• / If the final directory is created before touching the failed file.
  • / After touching the failed file.
  • / When NO_EJECT!=true and FAILED_EJECT==true before the disc is ejected.
  • / When NO_EJECT!=true and FAILED_EJECT==true after the disc is ejected.

An example of hook scripts used with MakeMKV can be found in my orphaned branch here:

Run Manually

Before setting up the automated run it's a good idea to try running this manually to see the output it produces in case
there are any compatibility or other issues. First make sure you've got your optical drive plugged in (if it's external)
and that you can see /dev/cdrom on your system:

$ ls -lah /dev/cdrom
lrwxrwxrwx. 1 root root 3 Mar 31 17:12 /dev/cdrom -> sr0

Now go ahead and run the image:

mkdir /tmp/MakeMKV
sudo docker run -it --device=/dev/cdrom \
    -e MKV_GID=$(id -g) -e MKV_UID=$(id -u) \
    -v /tmp/MakeMKV:/output robpol86/makemkv

You should see something like this:

Unable to find image 'robpol86/makemkv:latest' locally
latest: Pulling from robpol86/makemkv
691bc14ee274: Pull complete
1197e486c122: Pull complete
7b1362b91005: Pull complete
0895c2c006e9: Pull complete
4d8ee1e190c3: Pull complete
438cb789657c: Pull complete
ad875900bb11: Pull complete
Digest: sha256:9ee3d0f93215c2dfda24f56c951c6a38a205f3d6fbb1fc7ee3f79d3
Status: Downloaded newer image for robpol86/makemkv:latest
Defaults umask = 0022
MakeMKV v1.10.5 linux(x64-release) started
Current operation: Scanning CD-ROM devices
Current action: Scanning CD-ROM devices
Current progress - 0%  , Total progress - 0%
Current progress - 92%  , Total progress - 0%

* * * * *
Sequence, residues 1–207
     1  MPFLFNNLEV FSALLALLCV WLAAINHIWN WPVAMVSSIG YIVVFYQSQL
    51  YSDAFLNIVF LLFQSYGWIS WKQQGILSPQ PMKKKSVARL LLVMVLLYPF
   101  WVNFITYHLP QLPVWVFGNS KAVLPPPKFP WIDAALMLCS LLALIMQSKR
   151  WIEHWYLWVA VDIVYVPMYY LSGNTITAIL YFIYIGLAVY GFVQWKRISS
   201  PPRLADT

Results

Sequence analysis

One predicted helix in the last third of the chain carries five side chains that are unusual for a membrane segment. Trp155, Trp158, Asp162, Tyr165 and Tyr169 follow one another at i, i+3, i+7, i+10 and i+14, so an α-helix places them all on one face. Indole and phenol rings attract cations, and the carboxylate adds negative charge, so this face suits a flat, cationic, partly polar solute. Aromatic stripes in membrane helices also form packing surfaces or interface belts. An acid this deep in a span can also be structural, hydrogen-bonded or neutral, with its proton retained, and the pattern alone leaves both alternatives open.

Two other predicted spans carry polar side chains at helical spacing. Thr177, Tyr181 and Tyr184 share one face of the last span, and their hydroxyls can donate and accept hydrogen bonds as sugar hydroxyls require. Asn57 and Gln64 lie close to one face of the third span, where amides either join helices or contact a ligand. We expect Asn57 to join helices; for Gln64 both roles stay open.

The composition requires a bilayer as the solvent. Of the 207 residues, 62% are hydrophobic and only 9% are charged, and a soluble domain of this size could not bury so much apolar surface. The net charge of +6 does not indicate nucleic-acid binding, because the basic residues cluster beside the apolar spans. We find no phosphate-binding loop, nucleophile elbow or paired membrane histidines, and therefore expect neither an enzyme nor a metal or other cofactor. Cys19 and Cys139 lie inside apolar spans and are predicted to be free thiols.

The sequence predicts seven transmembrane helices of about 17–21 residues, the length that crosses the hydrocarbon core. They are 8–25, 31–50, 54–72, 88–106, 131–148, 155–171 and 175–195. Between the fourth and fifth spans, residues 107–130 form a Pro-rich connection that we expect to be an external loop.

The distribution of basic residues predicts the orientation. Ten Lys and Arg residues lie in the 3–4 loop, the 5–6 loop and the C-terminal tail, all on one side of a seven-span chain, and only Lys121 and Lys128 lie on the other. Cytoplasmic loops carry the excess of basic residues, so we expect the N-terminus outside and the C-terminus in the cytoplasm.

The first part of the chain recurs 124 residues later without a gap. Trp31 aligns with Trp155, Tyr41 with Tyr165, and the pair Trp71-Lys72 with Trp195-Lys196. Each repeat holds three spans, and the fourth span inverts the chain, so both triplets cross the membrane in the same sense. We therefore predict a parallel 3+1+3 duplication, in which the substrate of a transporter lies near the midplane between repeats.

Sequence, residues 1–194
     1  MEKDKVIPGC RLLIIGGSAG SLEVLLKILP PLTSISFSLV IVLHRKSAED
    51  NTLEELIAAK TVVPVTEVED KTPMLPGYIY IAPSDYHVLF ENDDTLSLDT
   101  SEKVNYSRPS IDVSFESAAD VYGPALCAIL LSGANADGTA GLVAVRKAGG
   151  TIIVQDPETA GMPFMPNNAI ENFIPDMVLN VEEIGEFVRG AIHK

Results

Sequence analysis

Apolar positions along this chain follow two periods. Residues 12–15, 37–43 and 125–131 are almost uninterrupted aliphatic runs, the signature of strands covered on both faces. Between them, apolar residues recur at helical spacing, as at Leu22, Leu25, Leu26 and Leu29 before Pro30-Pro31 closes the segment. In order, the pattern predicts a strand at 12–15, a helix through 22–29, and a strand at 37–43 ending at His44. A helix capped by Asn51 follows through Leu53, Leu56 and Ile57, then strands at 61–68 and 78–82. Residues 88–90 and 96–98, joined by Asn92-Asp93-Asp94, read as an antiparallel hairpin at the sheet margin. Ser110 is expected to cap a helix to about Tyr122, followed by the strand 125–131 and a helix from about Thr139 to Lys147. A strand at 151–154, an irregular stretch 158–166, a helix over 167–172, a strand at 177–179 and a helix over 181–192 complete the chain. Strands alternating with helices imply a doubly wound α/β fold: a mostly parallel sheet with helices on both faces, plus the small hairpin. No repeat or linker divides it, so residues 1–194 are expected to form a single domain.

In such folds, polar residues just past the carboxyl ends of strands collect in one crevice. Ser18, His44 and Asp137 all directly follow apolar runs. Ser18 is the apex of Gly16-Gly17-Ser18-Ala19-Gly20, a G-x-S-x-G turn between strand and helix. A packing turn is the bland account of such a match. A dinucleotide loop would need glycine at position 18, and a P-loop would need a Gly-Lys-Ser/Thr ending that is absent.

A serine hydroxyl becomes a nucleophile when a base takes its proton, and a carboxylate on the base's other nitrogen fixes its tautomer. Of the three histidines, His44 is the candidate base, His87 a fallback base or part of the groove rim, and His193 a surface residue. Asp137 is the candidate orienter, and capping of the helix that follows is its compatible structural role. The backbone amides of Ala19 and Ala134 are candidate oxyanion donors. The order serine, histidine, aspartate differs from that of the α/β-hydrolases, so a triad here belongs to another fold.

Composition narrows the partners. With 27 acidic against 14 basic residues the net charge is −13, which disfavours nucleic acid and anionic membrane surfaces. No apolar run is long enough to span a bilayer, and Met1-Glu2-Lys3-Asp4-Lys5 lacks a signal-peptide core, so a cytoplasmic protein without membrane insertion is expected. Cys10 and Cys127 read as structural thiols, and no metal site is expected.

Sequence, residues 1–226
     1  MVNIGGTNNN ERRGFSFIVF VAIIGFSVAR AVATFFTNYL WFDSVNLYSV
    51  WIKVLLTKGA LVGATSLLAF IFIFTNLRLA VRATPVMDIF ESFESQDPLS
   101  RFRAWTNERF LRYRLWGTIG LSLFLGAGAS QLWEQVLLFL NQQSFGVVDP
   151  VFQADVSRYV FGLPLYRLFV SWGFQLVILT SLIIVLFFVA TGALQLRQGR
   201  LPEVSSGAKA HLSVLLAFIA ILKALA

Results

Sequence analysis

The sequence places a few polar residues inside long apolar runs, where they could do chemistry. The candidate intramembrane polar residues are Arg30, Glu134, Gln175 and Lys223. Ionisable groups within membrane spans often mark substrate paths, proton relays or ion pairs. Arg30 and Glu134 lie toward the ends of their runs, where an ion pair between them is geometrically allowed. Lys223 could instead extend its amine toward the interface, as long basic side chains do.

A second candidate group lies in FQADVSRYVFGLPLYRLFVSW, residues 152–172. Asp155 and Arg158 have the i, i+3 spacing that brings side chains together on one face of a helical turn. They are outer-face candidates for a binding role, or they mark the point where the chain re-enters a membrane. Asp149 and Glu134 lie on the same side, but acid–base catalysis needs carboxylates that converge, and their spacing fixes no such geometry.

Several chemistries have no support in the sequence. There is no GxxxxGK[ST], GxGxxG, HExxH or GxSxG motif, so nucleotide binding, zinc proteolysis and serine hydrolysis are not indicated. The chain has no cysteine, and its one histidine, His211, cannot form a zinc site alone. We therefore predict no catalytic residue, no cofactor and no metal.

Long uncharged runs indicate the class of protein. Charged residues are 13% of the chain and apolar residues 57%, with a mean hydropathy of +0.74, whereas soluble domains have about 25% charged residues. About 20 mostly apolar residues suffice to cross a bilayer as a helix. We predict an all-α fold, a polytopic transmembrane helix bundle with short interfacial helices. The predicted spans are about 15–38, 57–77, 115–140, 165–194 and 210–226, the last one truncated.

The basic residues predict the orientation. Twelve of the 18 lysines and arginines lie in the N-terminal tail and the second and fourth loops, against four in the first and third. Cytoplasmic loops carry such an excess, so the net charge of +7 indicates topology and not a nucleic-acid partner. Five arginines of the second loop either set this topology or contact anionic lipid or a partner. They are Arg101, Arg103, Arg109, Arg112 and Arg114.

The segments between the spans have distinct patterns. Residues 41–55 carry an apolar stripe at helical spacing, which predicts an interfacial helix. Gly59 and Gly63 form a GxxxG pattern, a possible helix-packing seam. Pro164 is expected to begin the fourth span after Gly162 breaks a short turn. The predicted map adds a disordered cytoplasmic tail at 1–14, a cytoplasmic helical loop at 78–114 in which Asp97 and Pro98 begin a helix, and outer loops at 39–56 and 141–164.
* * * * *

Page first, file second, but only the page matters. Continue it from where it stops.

Current action: Saving to MKV file
Current progress - 0%  , Total progress - 0%
Current progress - 100%  , Total progress - 100%
8 titles saved
Copy complete. 8 titles saved.
Done after 00:25:54

Automated Run

Once you've verified this Docker image works fine on your system it's time to automate it. All you need is a simple udev
rule that runs the image and then cleans up by deleting the container after it's done ripping (leaving the ripped files
intact since they're in a volume). Note the udev rule file contents below. You'll want to change:

  1. The MKV_GID and MKV_UID IDs to your user's.
  2. The /tmp/MakeMKV file path to the directory that'll hold MKVs.
# Save as: /etc/udev/rules.d/85-makemkv.rules
SUBSYSTEM=="block", KERNEL=="sr[0-9]*", ACTION=="change", ENV{ID_CDROM_MEDIA}=="1", \
ENV{DEBUG}="true", ENV{MKV_GID}="1001", ENV{MKV_UID}="1001", \
RUN+="/bin/bash -c 'docker run -d --rm --device=%E{DEVNAME} --env-file=<(env) \
    -v /tmp/MakeMKV:/output robpol86/makemkv'"

After saving the file you don't need to reload anything or reboot. It should Just Work. Insert a disc and look for the
container in sudo docker ps. Make sure it's working by tailing the output with sudo docker logs <CID> --follow.


The one downside to the above automated run is that it deletes the container as soon as it finishes regardless if the
rip was successful. This means that you cannot look at the output when something fails (e.g. not enough disk space).

My solution to this problem is having the Docker daemon log to journald and setup a systemd service unit file that
watches for failed Docker containers and emails you the log output. More information on that here:

Docker Pull Command
Source Repository